Vendors seem to be champing at the bit in the video conferencing space. Is their persistence paying off? Some recent digging around suggests that the technology is gaining traction both officially and unofficially.
We asked around 200 people involved in workforce communication and collaboration about their official and unofficial use of video conferencing and video calling in their business. The official line can be seen in the figure below –just over 40 per cent of respondents claim widespread use of video across their business.
The number using the technology ‘unofficially’ is around a third. It is important to view this in context; respondents were from large organisations, where we would expect video conferencing to be more widely used. In the main, where unofficial use occurs, it is mirrored by official use. Limitations of the data aside, what we see is a picture of formal uptake on the one hand, and employees doing their own thing, on the other – with an overall reasonable level of adoption.
The rationale for using video isn’t rocket science and makes good sense: replacing travel to and from meetings seems like a valid option when travel budgets are under pressure. And surely it works so much better than audio conferencing? Multi-party audio conference calls, particularly when not everyone knows everyone else are usually muddled affairs at best. Video conferencing is designed to take the humble conference call to the next level, allowing those vital signs such as facial expression and body language to be captured.
In spite of the benefits, many users are still happy to muddle through with audio conference calls, or try and push for that bit extra in travel budget. Why might this be? There are two predominant reasons that spring to mind. For the record, these aren’t exclusive to video conferencing, but they do come up time and again with new technology implementations.
The first is whether or not the solution is fit for purpose - i.e. does it do the job it’s supposed to? This spans all aspects of the implementation – hardware, software, network capacity, firewall etc. If one of these isn’t properly addressed, then the system won’t do what’s expected of it and employees will simply reach for the phone next time.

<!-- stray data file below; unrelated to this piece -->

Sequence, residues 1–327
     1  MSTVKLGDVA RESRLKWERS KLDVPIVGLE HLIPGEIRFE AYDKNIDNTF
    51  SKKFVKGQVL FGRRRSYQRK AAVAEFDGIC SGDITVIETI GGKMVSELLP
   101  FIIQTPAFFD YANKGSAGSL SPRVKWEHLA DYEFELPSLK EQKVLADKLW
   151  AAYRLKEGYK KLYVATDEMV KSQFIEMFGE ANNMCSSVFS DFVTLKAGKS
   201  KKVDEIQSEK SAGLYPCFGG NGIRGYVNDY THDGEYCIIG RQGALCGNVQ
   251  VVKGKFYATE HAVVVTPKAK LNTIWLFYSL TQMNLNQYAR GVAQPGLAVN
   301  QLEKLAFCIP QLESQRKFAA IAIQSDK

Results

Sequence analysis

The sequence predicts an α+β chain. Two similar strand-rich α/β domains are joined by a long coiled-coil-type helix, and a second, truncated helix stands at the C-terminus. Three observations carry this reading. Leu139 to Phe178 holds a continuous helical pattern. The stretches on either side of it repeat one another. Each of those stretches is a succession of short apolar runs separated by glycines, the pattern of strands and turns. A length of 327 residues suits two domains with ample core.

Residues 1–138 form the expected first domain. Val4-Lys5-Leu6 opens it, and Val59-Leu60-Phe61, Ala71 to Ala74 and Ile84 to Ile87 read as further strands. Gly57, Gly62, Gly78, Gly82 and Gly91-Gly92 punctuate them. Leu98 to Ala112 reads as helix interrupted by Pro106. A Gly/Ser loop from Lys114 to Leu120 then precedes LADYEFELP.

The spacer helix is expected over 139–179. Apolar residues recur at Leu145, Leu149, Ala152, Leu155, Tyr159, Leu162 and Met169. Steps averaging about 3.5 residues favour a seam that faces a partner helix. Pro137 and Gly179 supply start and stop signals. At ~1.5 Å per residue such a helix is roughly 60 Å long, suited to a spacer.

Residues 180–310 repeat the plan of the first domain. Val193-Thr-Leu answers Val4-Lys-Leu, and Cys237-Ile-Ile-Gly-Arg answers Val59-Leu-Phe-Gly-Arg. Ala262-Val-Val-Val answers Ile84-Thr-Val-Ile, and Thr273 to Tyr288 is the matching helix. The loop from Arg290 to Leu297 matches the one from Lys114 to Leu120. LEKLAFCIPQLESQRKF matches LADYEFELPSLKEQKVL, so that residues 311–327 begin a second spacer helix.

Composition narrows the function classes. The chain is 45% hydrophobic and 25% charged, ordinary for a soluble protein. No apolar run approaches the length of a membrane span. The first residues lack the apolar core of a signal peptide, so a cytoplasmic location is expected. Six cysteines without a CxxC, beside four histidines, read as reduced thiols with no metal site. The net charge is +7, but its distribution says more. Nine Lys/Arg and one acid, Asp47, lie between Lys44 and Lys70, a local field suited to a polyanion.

The second reason relates to where video fits into an organisation’s overall communications strategy. Like any form of ‘advanced communications’ it is unlikely to be formally embraced by staff unless there is a real top-down drive to make it happen.
This includes ensuring that staff understand fully the rationale behind the implementation and have clear guidelines about its use. To some extent, unofficial use will act as a catalyst to wider and more frequent official use. In this and other areas, many organisations are getting to grips with the notion that their employees will find ways of assimilating their own personal technology habits and tweaks into their working routines. Taking a ‘glass half full’ approach, this could be seen as an opportunity to harness new ideas and best practices.
On a final note, there is still a question mark around where responsibility lies in terms of ‘getting it right’. Many businesses are happy to rely on vendors to tell them what they need, for a number of reasons – lack of available resources and lack of internal skills to name but two.
But there is adoption happening anyway, so one of the tasks ahead is to bring some consistency and cohesion to bear internally in the knowledge that there is a clear desire on behalf of the work force to use such advanced communications tools.